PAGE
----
SAO PAULO — After defeat in the tournament opener in the stifling humidity of Manaus, it was somewhat of a surprise to see an unchanged England side to the one which started in the Amazonian region. But at least coach Roy Hodgson did switch the system around.

Wayne Rooney kept his place in the side despite a lacklustre display against the 2006 World Cup champions Italy and was deployed more centrally behind Daniel Sturridge in attack, with Raheem Sterling pushed out wide as England toiled with the determined Uruguayans.

Just like they did against the Azzurri, Hodsgon’s men certainly created chances here in Sao Paulo. The majority of which fell to Rooney. But unlike the returning Luis Suarez at the other end, Rooney could only convert once. His wastefulness was evident. And, coupled with the Liverpool hitman’s incredible goal-scoring acumen, it means England faces an early exit from another tournament which promised so much more.

Possession in England's favour

What will be so frustrating to the vociferous England fans in attendance is that the Three Lions, not normally known for their possession football, enjoyed 62 per cent of the ball throughout the match. 

The finish, however, was lacking, and guilt-edged chances weren't converted, with Rooney the main culprit.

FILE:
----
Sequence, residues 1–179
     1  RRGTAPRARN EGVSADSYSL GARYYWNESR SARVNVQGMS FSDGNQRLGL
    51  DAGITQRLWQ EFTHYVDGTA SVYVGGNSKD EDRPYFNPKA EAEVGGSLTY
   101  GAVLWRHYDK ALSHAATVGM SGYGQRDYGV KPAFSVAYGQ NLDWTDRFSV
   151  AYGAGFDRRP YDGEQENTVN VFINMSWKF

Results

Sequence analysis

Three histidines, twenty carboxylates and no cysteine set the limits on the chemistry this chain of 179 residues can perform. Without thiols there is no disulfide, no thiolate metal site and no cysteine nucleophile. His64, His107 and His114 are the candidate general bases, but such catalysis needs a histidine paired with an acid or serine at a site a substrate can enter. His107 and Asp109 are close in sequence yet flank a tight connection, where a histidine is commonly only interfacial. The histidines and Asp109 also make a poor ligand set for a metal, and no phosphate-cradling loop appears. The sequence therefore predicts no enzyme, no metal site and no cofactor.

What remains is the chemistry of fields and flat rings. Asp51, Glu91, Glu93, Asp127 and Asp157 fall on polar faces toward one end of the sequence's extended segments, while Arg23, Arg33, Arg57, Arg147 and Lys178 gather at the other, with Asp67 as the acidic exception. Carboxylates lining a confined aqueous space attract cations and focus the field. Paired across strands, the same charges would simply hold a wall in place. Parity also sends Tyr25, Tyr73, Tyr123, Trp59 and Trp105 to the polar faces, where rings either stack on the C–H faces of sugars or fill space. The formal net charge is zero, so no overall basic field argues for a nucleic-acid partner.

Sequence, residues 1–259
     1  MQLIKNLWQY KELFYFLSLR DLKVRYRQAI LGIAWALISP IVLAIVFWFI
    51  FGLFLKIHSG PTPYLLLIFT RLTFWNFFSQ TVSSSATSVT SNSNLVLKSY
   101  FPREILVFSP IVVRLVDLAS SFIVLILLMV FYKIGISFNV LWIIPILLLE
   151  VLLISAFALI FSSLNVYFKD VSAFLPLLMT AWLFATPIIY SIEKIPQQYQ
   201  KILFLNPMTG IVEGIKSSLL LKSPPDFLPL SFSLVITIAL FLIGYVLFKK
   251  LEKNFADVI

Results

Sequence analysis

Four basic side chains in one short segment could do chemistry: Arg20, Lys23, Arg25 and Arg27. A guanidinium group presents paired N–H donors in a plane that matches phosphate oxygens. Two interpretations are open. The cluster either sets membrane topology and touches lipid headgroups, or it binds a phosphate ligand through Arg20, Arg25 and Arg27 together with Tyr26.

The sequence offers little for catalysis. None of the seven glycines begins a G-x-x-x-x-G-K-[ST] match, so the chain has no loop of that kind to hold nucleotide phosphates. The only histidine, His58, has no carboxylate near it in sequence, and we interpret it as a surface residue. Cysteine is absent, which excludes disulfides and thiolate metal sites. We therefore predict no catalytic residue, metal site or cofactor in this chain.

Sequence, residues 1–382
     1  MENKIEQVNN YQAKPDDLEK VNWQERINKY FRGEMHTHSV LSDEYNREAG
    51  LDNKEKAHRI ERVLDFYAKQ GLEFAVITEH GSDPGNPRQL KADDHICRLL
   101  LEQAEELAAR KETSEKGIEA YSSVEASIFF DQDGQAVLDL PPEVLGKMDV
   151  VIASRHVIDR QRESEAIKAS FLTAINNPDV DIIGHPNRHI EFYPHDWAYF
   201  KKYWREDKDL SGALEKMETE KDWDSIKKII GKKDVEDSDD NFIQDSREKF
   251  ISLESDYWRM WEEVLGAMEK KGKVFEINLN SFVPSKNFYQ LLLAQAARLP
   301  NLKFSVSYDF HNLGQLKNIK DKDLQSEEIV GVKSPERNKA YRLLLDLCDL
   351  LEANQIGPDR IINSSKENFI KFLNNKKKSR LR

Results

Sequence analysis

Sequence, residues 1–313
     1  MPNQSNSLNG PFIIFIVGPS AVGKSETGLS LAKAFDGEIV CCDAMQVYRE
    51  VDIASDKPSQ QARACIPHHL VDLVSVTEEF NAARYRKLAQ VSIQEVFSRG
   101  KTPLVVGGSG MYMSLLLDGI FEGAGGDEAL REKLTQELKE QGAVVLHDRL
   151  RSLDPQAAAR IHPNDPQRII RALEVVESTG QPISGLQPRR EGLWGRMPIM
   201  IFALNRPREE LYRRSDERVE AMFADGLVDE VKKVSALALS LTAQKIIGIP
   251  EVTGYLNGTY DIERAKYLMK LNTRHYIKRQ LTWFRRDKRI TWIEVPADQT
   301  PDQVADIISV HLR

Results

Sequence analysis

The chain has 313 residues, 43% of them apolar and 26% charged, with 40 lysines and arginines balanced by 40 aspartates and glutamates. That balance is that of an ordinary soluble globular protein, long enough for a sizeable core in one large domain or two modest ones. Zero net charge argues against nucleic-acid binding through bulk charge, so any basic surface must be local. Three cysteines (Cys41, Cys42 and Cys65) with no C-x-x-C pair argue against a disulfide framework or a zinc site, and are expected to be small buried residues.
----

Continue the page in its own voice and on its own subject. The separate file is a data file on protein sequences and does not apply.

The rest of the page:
Much of the blame for the Italy defeat was attributed to Rooney’s anonymity, but the Manchester United forward certainly upped his game this time around, finally ending his baron run without a goal in World Cup competition, but there could, and should have been so much more.

Rooney looked odds-on to break his duck when picked out at the back post by Steven Gerrard late in the first half, but from practically underneath the crossbar, the 28-year-old couldn’t get over the ball, and only managed to head against the bar.

In contrast, Suarez clinically dispatched his headed chance when found brilliantly by Edinson Cavani in the box, and dispelled any pre-match talk of him not being fully ready to make a return to the fray.

Rooney did get his goal, equalizing from Glen Johnson’s cross, but not before wasting another glorious chance to find the net, firing to close to La Celeste’s keeper Fernando Muslera from point blank range.

Suarez thrives on pressure

The difference between the very good and the world class is that when called upon at crucial times, the likes of Suarez, more often than not, produce the goods, and when presented with the opportunity to win the encounter for his team, the 27-year-old duly obliged.

This may seem harsh on Rooney, who was easily England’s biggest, if only threat on a chilly night in Sao Paulo, but for all his natural talent, on the big stages he has failed to deliver the goods time and time again.

On the other hand, Suarez thrives on such pressure, and with the world always watching his every move, waiting for him to step out of line, Uruguay’s leading light delivers when it matters most.

“I dreamt this. I'm enjoying this moment,” said an emotional Suarez post-match, and showing such passion, and back to full fitness, the rest of the competition better beware. Meanwhile, Rooney yet again looks set to be contemplating what might have been.


Pete Hall is in Brazil covering Team England at the World Cup.